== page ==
France’s Prime Minister Jean Castex on Wednesday announced a draft law against radical extremism which Muslims fear, if passed, will target them unfairly.
The announcement came at a news conference following a cabinet meeting which was also attended by President Emmanuel Macron.
The “anti-separatism” bill will focus on ethnic communities, including Muslims, who do not always assimilate in the French society and culture.
Clearing the controversy around the bill, Castex said: “The text is not a text against religions, nor against the Muslim religion in particular. It is a law of emancipation in the face of religious fanaticism.”
Spread over 50 articles, the bill contain provisions regarding every facet of life.
The bill allows for stricter control over the funding of schools, allowing lawmakers to consult the criminal records of all teachers in private schools.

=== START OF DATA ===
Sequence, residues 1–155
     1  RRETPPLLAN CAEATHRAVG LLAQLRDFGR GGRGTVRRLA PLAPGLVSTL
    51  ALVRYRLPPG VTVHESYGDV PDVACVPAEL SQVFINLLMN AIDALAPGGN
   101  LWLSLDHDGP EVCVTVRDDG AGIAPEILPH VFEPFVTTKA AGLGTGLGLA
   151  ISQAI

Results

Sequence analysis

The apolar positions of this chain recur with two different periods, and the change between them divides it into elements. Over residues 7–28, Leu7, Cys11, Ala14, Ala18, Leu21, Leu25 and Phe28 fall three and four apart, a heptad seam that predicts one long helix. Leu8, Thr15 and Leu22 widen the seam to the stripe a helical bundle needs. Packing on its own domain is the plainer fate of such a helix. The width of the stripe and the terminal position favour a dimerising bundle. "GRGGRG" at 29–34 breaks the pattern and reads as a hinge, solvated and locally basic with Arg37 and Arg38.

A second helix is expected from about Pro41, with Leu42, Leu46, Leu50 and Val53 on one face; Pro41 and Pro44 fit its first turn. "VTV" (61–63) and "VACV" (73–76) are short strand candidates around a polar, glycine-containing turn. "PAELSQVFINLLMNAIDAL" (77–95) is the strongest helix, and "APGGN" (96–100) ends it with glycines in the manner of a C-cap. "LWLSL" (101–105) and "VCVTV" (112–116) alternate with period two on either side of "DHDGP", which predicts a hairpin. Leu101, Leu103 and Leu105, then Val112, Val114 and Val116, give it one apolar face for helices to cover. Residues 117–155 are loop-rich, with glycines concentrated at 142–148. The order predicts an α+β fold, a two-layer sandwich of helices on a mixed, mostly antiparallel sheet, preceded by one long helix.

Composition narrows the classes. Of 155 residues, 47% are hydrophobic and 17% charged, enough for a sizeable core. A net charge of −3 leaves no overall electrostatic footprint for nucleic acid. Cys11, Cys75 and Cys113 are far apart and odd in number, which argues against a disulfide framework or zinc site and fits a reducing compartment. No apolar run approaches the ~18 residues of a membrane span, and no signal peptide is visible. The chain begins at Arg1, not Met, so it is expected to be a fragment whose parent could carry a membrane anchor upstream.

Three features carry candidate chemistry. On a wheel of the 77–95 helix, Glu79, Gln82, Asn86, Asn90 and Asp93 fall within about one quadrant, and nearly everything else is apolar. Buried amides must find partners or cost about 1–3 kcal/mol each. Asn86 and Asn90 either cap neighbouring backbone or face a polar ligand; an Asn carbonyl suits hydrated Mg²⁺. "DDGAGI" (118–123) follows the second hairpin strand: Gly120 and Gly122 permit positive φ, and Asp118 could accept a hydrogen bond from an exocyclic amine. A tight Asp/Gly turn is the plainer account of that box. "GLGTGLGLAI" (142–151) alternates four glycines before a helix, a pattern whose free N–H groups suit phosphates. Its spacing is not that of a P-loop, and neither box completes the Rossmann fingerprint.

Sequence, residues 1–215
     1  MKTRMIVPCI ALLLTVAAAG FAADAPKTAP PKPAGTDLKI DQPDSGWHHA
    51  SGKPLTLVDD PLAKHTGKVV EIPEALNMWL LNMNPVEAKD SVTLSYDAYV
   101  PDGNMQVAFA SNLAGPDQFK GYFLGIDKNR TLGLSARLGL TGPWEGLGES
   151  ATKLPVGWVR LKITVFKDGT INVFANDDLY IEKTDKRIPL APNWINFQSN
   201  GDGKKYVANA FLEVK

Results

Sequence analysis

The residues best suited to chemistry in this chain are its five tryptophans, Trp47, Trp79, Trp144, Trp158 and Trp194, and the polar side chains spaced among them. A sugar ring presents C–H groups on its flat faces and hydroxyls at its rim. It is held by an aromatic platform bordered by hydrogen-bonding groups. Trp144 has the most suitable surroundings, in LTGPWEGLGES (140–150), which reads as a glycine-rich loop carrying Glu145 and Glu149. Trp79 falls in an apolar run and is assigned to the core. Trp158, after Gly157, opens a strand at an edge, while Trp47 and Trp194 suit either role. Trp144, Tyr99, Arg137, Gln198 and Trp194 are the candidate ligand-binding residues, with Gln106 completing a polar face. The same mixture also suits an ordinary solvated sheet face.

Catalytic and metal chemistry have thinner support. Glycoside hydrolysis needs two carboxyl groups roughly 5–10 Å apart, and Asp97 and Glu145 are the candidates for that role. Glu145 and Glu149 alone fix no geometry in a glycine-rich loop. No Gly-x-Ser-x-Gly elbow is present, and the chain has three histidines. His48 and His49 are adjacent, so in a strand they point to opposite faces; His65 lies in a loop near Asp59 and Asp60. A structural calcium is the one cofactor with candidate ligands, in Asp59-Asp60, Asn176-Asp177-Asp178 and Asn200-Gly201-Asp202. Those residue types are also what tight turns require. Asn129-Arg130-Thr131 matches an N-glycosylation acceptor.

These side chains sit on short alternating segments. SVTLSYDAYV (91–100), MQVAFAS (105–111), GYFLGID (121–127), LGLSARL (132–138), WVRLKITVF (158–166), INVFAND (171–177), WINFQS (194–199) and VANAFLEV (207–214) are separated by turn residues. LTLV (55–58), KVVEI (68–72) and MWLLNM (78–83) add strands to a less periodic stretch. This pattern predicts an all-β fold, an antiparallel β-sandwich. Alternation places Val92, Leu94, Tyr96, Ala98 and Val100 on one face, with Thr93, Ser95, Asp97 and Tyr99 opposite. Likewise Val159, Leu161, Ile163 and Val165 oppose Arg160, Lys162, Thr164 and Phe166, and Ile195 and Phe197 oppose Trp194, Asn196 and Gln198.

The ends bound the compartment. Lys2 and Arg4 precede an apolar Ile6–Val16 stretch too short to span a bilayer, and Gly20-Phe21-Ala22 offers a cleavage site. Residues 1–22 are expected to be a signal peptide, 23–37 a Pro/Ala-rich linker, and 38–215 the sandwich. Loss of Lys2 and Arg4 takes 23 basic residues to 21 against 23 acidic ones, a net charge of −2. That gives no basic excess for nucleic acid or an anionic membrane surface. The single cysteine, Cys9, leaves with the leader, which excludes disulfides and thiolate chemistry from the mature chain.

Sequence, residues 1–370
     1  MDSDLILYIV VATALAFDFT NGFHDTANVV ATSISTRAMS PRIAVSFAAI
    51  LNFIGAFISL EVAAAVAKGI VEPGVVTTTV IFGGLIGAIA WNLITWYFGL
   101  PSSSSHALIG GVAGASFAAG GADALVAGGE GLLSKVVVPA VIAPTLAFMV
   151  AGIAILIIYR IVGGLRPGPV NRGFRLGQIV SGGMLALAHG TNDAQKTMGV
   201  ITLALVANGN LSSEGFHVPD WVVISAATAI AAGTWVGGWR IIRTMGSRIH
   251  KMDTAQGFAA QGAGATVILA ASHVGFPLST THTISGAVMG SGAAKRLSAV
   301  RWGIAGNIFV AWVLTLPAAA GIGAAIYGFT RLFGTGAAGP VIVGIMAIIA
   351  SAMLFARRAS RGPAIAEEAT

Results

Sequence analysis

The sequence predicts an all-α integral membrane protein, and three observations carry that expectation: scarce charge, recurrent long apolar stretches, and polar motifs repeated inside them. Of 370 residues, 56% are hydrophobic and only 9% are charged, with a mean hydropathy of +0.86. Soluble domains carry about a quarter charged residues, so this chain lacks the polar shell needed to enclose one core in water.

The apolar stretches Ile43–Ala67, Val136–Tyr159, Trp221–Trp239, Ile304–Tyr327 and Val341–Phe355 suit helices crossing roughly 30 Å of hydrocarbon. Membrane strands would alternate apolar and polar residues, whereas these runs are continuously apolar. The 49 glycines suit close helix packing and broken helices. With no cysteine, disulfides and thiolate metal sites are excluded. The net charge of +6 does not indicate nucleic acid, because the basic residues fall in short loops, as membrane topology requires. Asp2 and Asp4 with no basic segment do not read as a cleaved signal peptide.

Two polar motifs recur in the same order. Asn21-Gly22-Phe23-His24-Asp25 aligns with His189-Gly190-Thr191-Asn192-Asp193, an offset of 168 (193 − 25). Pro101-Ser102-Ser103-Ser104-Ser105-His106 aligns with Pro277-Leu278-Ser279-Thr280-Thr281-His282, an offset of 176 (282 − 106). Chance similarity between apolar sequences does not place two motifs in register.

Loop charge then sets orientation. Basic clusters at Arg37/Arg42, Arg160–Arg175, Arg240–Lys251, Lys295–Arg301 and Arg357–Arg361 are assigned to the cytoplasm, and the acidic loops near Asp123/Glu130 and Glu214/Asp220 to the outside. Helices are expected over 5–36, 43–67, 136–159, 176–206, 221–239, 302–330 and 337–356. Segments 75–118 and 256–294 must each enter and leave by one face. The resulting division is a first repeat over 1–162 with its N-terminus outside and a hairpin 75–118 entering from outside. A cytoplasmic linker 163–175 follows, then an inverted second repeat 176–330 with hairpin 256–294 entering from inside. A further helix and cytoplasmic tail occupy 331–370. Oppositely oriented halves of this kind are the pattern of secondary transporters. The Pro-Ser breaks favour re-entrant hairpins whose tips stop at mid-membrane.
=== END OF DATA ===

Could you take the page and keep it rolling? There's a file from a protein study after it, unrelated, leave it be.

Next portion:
Among other things, it authorizes law enforcement officials to regulate the use of public space, that could extend to religious gatherings.
“We will allow the prefects to intervene to impose the values of the Republic and ensure that they are respected when violations of republican principles take place,” said Interior Minister Gerald Darmanin, who also addressed the news conference.
The move comes in the aftermath of a spate of terror attacks in France this fall which claimed four lives, including that of a teacher.
Muslims living in France have voiced concern that they are being unfairly targeted after the attacks with multiple mosques being closed and dozens of investigations opened against prominent members of the community.
French historian and sociologist Jean Bauberot is one of the more vocal critics of the bill. In an interview with Franceinfo on Tuesday, he said: “This is not the right way to enforce the principles of secularism.”
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